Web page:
This tutorial will give you the tools to make a small scene and video in Unreal Engine. 

When you export a project in Unreal, it will only be compatible with the operating system you are currently using. So if you are exporting on Windows, the project will not be able to run on Mac. 

For this tutorial, we are starting with making a video because videos are much easier to share! This tutorial is intended for those who are completely new to Unreal Engine. 


A main reason why Augury House uses Unreal Engine is for unlimited access to Quixel Megascans - a library of 3D assets and textures that are photoscanned from real world things! Use the links below to guide you through tthe basic installation process. For these tutorials, we are using Unreal Engine version 4.26.

Unreal Engine

Quixel Megascans

Recommended specs

Operating System



Video Card 

Windows 10 64-bit

Quad-core Intel or AMD, 2.5GHz or faster

8 GB Ram

DirectX 11 or DirectX 12 compatible graphics card

Starting your Project

For these tutorials, we will be working from blank projects with scalable settings. Configure your settings to these screenshots. 

Be sure to save your project to a place you’ll remember, and give it a name that will make sense.


Main Panel:
Viewport - This is where you will create your virtual space. To freely move and look around, press and hold the right mouse button while using the WASD keys.

Left Panel:
Place Actors - This panel holds a collection of basic assets such as geometric shapes and lights. To use, simple drag and drop into your scene.

Right Panel:
> World Outliner - Anything you add into your scene will show up in this panel. This includes 3D assets, sounds, lights, and so on.

> Details - Whenever you select an item in your scene, all of its basic information will appear in this panel. 

Bottom Panel:
> Content Browser - This is the file explorer for your project. All of your content lives here.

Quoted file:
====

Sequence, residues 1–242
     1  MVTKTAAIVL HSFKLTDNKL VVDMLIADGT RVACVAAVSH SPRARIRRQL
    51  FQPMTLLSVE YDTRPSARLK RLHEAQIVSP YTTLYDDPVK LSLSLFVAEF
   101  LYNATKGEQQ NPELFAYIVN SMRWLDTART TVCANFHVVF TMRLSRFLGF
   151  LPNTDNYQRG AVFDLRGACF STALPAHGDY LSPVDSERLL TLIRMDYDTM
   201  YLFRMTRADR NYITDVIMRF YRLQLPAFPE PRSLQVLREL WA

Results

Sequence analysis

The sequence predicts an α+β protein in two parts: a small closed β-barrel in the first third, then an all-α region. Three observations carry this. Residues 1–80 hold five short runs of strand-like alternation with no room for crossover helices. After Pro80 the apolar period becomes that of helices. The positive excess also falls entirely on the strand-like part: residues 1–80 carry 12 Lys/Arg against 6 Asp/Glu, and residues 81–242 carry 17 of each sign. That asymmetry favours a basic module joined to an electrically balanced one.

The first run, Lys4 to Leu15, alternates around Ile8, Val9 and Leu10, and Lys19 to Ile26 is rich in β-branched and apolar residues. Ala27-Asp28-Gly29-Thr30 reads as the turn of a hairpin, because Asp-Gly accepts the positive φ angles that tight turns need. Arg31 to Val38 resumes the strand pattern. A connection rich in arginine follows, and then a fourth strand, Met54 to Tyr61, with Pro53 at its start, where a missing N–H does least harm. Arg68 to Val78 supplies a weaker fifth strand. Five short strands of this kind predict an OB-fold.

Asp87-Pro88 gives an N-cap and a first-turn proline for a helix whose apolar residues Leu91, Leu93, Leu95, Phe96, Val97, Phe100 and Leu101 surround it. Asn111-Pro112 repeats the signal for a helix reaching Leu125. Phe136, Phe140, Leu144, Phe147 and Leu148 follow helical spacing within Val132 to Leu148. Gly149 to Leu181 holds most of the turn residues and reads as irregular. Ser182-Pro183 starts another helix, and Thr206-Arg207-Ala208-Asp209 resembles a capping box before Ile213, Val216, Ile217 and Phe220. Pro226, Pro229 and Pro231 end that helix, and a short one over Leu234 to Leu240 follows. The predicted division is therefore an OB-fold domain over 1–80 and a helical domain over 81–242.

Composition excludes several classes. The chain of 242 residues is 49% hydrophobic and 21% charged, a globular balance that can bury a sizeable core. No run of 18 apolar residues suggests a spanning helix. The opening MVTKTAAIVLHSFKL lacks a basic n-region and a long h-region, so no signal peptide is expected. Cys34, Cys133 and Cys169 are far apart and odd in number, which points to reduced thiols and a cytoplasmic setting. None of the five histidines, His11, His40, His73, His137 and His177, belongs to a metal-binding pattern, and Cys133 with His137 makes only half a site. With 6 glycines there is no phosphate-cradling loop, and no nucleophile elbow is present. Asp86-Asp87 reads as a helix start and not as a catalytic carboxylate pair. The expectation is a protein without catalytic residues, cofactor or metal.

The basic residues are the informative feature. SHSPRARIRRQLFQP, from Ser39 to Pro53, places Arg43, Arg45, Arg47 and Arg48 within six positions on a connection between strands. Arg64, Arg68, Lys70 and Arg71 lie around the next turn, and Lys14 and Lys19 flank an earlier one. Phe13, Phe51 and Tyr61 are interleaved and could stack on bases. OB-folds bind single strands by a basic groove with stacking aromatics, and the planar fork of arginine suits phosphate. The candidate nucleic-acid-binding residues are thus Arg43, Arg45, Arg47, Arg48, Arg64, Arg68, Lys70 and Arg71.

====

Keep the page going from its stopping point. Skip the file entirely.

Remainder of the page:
> Sequencer - We will be using this tab a little later to build our video!

Quixel BRidge workflow

Quixel Bridge is full of realistic 3D assets, foliage, and textures. You can browse them by category in the left side bar under “home”. 

You can also browse these assets under premade “collections” as well. 

Since we’re using Unreal Engine, everything on Quixel Bridge is fair game!

To bring an asset into your project, click on one, and a right sidebar will appear. 

In the bottom right, we can set the resolution of the asset as well as download it. Once the asset is downloaded, we can hit the export button to bring it into our project.

Go ahead and add a handful of assets into your project!

When you use megascans, it will automatically organize your assets into folders in your content browser.

When you are ready, drag and drop the megascans asset into your scene!

As you arrange your scene, each object will have a three-colored widget like the ones below. These widgets will allow you to apply basic transformations to a given object, and can be toggled with the W, E and R keys.

Position Widget: W

Rotation Widget: E

Scale Widget: R

Setting up the sequencer

Go to the cinematics drop down and select “Add Level Sequence”.

Save your sequence to your content folder, and give it a name.

When you hit “save”, the sequence will be added to your world outliner, and the sequencer will open up in your bottom panel.

With the sequencer open, click on the “30fps” button and make sure “Show Time As” is set to “Seconds”.